Page last updated at 14:52 GMT, Tuesday, 9 March 2010

Voices: India's quota for women in parliament

The upper house of India's parliament has approved a bill to reserve a third of all seats in the national parliament and state legislatures for women.

BBC News spoke to people in the capital, Delhi, about their views on a move which party leaders are hailing as "historic".



The reservation bill is a good thing. Women should be on a par with men. I don't think the women's quota will be misused by political parties either.

The reservation is required. Ladies should get every opportunity to get ahead in life.


Anchal and Priya

Anchal: I think it is a nice thing.

Women have been disadvantaged in many fields. But there are minus points as well. The quota might be misused. But if it is for the sake of uplift - to make women more prominent - then it is all right.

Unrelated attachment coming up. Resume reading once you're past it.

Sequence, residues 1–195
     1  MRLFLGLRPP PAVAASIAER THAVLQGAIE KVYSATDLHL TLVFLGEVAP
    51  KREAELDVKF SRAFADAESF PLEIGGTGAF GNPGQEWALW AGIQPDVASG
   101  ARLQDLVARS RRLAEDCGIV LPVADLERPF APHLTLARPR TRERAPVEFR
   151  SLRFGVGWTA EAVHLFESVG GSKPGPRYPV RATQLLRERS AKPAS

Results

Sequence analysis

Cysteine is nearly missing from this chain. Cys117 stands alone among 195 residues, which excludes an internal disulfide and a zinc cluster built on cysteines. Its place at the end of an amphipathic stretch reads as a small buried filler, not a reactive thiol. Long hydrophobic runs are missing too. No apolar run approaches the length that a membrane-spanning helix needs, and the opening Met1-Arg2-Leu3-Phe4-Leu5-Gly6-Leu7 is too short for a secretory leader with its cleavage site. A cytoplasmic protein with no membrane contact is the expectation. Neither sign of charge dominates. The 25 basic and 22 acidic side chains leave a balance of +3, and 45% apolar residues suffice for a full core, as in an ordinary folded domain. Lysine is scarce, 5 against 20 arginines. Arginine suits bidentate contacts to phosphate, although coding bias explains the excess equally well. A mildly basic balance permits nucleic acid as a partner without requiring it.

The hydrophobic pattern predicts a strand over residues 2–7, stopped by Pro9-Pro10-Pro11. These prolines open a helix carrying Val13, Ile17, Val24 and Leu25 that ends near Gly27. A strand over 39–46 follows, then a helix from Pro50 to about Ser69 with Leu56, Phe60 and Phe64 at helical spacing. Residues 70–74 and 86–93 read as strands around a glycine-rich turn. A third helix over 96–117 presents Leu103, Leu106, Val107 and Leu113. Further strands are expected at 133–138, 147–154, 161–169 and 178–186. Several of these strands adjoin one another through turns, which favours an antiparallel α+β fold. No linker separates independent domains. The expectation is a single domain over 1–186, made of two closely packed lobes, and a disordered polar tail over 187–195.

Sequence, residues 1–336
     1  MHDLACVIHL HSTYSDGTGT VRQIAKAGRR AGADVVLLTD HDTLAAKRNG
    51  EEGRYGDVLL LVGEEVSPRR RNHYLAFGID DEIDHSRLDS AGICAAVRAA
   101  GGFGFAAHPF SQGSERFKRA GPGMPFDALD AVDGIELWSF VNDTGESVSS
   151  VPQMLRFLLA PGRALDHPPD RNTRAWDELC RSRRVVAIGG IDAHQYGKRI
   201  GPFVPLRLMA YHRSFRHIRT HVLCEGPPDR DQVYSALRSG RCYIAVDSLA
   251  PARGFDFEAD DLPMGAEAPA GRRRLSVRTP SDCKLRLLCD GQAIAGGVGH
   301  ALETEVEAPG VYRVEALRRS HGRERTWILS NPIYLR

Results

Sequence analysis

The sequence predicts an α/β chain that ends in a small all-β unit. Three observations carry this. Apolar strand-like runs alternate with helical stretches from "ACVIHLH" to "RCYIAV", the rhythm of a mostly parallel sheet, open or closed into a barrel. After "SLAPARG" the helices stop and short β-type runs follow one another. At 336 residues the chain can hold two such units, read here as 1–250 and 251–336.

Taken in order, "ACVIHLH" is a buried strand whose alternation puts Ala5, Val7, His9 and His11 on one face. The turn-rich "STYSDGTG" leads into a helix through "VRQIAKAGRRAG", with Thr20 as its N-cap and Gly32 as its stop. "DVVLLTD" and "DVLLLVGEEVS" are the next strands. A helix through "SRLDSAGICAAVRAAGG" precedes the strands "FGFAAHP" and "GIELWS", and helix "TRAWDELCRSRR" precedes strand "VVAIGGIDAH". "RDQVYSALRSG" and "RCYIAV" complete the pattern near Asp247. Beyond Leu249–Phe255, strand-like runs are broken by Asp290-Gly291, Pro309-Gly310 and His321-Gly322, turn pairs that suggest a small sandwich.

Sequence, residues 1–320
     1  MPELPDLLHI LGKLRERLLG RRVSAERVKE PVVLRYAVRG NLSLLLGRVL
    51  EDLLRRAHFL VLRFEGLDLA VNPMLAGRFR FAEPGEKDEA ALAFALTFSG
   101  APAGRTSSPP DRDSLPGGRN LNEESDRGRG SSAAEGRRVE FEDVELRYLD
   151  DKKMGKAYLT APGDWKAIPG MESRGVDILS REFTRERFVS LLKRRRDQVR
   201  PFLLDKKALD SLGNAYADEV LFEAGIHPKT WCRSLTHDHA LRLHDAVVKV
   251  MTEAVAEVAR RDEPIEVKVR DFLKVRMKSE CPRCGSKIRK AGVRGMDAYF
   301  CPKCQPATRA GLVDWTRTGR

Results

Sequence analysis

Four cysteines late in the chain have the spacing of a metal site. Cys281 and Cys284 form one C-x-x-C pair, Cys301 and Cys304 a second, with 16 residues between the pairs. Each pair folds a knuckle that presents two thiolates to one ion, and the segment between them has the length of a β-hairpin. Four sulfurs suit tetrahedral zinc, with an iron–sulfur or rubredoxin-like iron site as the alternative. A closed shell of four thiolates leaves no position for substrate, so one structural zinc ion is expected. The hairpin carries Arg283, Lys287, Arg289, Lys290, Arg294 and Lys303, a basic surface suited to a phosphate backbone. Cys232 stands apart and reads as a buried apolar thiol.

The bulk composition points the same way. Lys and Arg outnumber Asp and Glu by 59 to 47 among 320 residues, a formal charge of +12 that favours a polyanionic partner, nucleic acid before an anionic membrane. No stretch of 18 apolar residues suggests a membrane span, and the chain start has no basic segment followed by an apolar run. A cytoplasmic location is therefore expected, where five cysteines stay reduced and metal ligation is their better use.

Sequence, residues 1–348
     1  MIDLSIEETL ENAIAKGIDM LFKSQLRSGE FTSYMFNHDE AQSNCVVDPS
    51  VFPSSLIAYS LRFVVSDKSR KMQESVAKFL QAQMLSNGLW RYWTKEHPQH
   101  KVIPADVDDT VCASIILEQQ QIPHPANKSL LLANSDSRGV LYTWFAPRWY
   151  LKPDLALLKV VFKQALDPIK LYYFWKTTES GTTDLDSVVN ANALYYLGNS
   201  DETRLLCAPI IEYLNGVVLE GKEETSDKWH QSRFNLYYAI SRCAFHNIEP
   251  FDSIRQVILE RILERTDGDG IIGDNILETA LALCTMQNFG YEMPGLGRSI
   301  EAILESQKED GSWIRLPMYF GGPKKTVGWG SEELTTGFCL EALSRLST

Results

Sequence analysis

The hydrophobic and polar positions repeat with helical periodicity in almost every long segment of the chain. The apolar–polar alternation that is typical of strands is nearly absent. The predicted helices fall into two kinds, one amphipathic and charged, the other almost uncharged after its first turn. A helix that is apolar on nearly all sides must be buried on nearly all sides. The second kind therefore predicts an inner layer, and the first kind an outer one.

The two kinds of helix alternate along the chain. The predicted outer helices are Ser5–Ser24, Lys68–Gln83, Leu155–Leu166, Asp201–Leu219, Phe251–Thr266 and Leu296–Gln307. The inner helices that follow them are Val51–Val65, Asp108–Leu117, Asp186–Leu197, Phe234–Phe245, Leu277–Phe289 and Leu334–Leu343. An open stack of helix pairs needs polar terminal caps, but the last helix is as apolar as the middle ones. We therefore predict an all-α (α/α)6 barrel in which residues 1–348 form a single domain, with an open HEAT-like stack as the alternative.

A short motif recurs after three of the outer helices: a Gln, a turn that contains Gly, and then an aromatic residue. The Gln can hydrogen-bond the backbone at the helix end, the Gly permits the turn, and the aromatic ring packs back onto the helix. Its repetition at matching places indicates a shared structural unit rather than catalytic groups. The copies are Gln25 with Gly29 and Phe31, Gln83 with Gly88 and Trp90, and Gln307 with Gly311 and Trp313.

In India women are still in the backseat. They aren't afforded their rights so women's reservations are justified. There are reservations for different castes and tribes, so why not women?

Priya: I don't think a women's reservation (in parliament) is a necessity. It actually cuts into the chances of somebody more deserving.

We could now see women from rural areas being pushed into the political mainframe, women who don't even know what politics is all about. If women are capable, they don't and won't need reservation.



I don't see any reason for reservations. If we deal with the issue of uplift at the root level, why would we need quotas?

Besides, the quota could be misused by influential families. If the nominated person is educated, I don't see much harm, but every one should get a fair chance in parliament.



If women are capable and deserving, then why do they need reservations? The top positions in this country are held by women!

Are there going to be reservations for all sections of society? Have reservations really helped in the past?

Interviews and pictures by Gayathri Sreedharan

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